COPD rates have peaked but are 'still far too high'

COPD incidence appears to have peaked, but high prevalence of the disease remains a cause for concern, researchers have said.

COPD: challenge for the NHS (Photograph: SPL)
COPD: challenge for the NHS (Photograph: SPL)

Dr Colin Simpson of the University of Edinburgh and colleagues analysed information from the QResearch data-base, which hold data from more than 2.8 million patients.

The researchers found that between 2001 and 2004, incidence of COPD rose for both men and women.

For women it rose from two cases per 1,000 patient-years to 2.4, while for men it rose from 2.1 to 2.7 cases per 1,000 patient-years.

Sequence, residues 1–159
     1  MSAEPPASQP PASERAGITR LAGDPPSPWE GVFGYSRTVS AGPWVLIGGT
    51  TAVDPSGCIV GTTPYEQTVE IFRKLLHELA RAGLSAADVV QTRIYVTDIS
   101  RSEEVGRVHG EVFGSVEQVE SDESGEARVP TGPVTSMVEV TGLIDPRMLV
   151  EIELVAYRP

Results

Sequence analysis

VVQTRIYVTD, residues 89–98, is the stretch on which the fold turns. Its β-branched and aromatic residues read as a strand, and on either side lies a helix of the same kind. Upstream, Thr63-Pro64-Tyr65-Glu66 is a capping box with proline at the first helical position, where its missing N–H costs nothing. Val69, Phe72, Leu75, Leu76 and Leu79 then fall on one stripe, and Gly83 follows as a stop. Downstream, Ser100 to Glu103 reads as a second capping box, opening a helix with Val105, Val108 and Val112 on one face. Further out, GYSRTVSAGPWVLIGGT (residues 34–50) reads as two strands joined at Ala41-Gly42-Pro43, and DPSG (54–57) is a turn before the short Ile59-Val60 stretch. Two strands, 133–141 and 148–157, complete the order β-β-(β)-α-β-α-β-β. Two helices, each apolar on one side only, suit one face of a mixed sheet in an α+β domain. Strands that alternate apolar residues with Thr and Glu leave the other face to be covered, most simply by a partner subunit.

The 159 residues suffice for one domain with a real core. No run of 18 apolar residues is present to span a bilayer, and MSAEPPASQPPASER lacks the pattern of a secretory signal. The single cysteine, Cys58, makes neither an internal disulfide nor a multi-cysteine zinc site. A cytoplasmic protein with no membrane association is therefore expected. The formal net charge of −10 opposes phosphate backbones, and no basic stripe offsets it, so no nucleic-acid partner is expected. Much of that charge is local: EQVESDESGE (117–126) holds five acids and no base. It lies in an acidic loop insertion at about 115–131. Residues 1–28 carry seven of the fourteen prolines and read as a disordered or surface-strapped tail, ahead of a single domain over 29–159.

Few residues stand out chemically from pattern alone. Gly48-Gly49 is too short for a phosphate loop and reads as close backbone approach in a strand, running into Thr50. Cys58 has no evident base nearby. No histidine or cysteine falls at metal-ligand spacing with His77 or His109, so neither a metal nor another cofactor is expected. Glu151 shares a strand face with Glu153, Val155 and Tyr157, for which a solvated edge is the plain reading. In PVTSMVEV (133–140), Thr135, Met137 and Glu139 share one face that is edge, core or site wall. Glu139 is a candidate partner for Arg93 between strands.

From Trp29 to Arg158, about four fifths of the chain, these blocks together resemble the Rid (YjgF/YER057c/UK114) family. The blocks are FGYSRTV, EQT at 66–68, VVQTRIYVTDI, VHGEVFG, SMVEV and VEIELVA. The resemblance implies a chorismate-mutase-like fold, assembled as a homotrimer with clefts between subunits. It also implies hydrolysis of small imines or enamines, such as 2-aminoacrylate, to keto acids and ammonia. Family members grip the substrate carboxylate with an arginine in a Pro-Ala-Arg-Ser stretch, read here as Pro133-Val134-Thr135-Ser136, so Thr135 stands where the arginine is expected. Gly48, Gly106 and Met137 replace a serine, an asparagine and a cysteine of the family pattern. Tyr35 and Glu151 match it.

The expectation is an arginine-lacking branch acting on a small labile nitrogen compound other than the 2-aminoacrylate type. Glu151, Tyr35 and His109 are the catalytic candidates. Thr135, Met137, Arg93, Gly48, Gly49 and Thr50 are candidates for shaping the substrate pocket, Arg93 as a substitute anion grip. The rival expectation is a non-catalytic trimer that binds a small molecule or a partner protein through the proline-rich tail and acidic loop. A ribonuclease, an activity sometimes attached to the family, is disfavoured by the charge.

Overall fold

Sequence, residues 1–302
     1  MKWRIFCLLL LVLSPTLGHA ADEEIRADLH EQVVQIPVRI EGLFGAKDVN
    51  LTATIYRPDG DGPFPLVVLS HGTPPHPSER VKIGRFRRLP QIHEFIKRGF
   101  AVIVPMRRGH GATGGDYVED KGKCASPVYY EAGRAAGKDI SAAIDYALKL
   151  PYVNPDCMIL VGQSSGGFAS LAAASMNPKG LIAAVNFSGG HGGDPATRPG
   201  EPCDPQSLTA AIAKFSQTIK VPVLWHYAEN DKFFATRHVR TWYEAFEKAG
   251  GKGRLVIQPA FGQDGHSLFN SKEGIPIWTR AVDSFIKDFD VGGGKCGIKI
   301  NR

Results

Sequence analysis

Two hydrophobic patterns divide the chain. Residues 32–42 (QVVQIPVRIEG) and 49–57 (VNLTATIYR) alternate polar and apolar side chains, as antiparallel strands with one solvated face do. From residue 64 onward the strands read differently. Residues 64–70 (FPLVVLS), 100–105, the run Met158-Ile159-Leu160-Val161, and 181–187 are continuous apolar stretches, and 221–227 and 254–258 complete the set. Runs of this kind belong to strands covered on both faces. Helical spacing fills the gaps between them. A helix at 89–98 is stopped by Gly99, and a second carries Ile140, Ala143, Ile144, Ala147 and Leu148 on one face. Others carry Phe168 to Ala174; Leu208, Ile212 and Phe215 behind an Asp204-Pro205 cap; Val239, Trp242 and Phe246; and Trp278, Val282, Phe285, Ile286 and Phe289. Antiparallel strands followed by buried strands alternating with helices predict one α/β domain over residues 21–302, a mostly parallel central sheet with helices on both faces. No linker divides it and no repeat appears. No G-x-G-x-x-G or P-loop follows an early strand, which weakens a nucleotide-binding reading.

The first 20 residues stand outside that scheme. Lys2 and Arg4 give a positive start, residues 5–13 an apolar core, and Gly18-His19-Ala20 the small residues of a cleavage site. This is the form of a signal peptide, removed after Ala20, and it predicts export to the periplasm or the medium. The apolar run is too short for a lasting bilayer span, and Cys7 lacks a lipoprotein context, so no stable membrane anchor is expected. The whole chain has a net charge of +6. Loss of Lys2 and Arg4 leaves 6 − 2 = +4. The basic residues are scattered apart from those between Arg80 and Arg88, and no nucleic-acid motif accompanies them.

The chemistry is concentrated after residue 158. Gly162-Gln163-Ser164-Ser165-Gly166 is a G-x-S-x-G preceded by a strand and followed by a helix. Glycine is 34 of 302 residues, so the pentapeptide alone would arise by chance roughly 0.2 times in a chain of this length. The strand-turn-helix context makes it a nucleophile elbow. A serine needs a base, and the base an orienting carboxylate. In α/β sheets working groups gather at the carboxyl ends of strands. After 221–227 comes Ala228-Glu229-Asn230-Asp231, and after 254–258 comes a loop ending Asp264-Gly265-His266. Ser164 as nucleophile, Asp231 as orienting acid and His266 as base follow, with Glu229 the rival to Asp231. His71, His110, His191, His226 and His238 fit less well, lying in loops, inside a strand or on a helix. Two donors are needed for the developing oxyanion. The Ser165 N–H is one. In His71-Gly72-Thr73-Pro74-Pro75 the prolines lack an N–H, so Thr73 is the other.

Incidence then fell in 2005, to 2 cases per 1,000 patient years in women and 2.2 per 1,000 patient years in men.

By 2005, prevalence of COPD stood at 1.7 per cent, but varied across England, with particularly high levels in the north east of the country.

Writing in the British Journal of General Practice, the researchers commented: 'The number of people affected remains high and poses a major challenge for health services, particularly those in the north east and in the most deprived communities in England.

'The very limited decrease in smoking rates among the more deprived groups of patients with COPD is also a cause for concern.'

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